Researcher finds new role for zebrafish in human studies

May 19, 2010

Michael E. Baker, PhD, a researcher at the University of California, San Diego School of Medicine has discovered that zebrafish - an important animal model in disease and environmental studies - could provide the means to help scientists eventually reveal the function of a mysterious enzyme linked to the steroid cortisol, and found in the human brain.

In people and other vertebrates, steroids like cortisol perform a variety of diverse duties, including regulating immune response, bone formation and . Too much cortisol, however, is unhealthy. High levels of the steroid have been linked to and may impair the brain's ability to store memories.

The human body regulates cortisol by employing an enzyme called 11 beta-hydroxysteroid dehydrogenase-type 1 or 11beta-HSD1, which catalyzes the synthesis of cortisol in liver and . A related enzyme known as 11 beta-HSD-type3 or 11 beta-HSD3 is expressed in the brain, though its utility remains unknown.

In new findings to be published in the June 3 issue of FEBS Letters, Baker, a research professor of medicine who works in the division of nephrology-hypertension at UC San Diego's School of Medicine, reports that 11 beta-HSD3 (but not 11 beta-HSD1) is present in zebrafish, where it appears to serve an important role in fish endocrine physiology.

That makes the fish a potentially useful analog for studies, including discovering the purpose and function of 11 beta-HSD3 in human brains, which may be an evolutionary precursor to 11 beta-HSD1.

Interestingly, Baker found that the genomes of mice and rats do not contain 11 beta-HSD3, which means that inserting the appropriate gene for the enzyme in these animal models could provide additional avenues of investigation.

Explore further: Scientists Develop New Treatments for Alzheimer’s Disease

Related Stories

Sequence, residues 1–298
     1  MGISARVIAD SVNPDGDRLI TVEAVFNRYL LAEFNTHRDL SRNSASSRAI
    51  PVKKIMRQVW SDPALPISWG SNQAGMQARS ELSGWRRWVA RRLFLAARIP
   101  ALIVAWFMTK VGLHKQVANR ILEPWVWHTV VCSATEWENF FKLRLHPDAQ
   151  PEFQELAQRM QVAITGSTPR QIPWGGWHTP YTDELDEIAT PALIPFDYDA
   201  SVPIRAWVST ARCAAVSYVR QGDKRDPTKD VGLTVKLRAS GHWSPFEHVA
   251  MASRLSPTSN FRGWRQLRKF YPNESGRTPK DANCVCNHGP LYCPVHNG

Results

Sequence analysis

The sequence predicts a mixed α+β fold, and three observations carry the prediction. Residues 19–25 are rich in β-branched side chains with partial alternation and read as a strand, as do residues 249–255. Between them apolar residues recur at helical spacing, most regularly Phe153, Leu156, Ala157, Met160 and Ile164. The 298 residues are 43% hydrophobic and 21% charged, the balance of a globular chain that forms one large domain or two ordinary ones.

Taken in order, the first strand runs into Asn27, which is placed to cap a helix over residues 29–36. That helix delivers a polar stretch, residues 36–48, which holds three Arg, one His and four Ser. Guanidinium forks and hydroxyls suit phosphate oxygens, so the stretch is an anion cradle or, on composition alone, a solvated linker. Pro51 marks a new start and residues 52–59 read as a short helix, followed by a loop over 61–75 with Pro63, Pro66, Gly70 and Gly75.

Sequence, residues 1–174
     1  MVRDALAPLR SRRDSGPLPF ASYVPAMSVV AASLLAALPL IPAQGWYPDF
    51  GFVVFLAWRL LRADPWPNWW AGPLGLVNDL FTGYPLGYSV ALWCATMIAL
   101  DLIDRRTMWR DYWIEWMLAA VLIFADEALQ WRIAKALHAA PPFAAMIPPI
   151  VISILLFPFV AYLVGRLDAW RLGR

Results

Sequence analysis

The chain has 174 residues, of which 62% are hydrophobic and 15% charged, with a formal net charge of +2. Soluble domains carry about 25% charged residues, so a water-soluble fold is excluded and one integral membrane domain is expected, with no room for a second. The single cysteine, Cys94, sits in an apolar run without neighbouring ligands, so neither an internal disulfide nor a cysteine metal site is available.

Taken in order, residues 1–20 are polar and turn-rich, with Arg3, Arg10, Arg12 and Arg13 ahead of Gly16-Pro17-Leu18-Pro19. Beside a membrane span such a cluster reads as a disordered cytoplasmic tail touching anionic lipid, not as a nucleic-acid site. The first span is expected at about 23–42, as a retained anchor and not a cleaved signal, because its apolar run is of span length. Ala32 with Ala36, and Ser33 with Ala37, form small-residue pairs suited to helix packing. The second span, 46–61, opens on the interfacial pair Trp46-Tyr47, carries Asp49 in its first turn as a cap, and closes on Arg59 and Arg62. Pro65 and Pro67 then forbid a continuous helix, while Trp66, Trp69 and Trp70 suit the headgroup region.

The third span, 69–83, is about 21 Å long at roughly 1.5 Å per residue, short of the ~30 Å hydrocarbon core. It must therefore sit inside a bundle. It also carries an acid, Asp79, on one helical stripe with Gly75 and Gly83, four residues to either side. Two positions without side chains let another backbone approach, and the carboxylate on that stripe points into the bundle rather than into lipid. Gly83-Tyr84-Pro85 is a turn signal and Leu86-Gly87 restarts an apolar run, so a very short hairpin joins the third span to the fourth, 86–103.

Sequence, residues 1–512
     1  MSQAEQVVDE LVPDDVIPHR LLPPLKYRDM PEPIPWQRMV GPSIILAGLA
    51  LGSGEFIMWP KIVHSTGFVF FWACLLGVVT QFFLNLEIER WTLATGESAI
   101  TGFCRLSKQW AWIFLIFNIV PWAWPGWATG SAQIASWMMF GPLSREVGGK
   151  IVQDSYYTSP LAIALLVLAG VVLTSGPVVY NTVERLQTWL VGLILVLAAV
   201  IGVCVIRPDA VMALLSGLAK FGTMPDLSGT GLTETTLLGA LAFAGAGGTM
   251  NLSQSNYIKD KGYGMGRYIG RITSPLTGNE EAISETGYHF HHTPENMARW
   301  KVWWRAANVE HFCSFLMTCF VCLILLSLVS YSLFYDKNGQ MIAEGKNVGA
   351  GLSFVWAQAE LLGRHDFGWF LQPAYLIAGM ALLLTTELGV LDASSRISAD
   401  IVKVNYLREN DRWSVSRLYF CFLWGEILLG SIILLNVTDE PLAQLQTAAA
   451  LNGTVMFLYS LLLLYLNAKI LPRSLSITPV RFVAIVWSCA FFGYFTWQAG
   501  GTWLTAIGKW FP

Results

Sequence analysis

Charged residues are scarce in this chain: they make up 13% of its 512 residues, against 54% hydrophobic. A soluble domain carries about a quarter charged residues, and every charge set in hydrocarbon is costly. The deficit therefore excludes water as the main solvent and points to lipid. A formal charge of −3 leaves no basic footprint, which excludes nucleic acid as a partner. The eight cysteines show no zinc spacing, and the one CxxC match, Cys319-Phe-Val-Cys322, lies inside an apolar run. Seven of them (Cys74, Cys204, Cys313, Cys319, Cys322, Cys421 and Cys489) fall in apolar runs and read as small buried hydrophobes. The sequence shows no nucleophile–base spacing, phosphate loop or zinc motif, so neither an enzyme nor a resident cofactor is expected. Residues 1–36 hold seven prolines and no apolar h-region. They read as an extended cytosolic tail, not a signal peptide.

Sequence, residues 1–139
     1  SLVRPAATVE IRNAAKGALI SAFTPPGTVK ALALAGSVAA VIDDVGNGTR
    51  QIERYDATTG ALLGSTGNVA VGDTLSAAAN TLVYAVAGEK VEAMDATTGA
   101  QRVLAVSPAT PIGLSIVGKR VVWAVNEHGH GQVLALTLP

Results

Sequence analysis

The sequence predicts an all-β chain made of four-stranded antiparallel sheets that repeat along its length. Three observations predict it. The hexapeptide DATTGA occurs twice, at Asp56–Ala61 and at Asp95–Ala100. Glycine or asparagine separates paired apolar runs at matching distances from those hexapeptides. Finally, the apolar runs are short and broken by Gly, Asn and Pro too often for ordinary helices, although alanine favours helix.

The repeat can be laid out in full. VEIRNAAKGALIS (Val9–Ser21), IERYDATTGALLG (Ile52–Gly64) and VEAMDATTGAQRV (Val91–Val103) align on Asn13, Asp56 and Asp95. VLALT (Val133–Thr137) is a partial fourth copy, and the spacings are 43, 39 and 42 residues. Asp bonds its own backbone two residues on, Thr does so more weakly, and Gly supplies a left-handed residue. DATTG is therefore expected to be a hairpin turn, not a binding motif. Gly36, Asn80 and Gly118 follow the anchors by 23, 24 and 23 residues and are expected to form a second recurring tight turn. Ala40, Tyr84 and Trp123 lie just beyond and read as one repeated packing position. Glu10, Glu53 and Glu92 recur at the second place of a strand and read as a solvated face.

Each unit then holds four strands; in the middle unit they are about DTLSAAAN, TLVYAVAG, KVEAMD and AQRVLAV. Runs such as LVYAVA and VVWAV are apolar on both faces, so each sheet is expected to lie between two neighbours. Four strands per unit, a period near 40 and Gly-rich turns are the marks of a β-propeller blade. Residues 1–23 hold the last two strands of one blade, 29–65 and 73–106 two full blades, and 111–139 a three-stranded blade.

Alzheimer's prevention role discovered for prions

July 3, 2007

A role for prion proteins, the much debated agents of mad cow disease and vCJD, has been identified. It appears that the normal prions produced by the body help to prevent the plaques that build up in the brain to cause Alzheimer’s ...

How the APOE gene can modify your risk for Alzheimer's disease

November 13, 2008

One of the hallmarks of the brain of an individual with Alzheimer disease is the accumulation of amyloid-beta peptide (A-beta), something that is believed to be toxic to many brain cells (specifically neurons) and to therefore ...

Amyloid beta protein gets bum rap

November 9, 2009

While too much amyloid beta protein in the brain is linked to the development of Alzheimer's disease, not enough of the protein in healthy brains can cause learning problems and forgetfulness, Saint Louis University scientists ...

Recommended for you

Cell aging slowed by putting brakes on noisy transcription

July 30, 2015

Working with yeast and worms, researchers found that incorrect gene expression is a hallmark of aged cells and that reducing such "noise" extends lifespan in these organisms. The team published their findings this month in ...

0 comments

Please sign in to add a comment. Registration is free, and takes less than a minute. Read more

Click here to reset your password.
Sign in to get notified via email when new comments are made.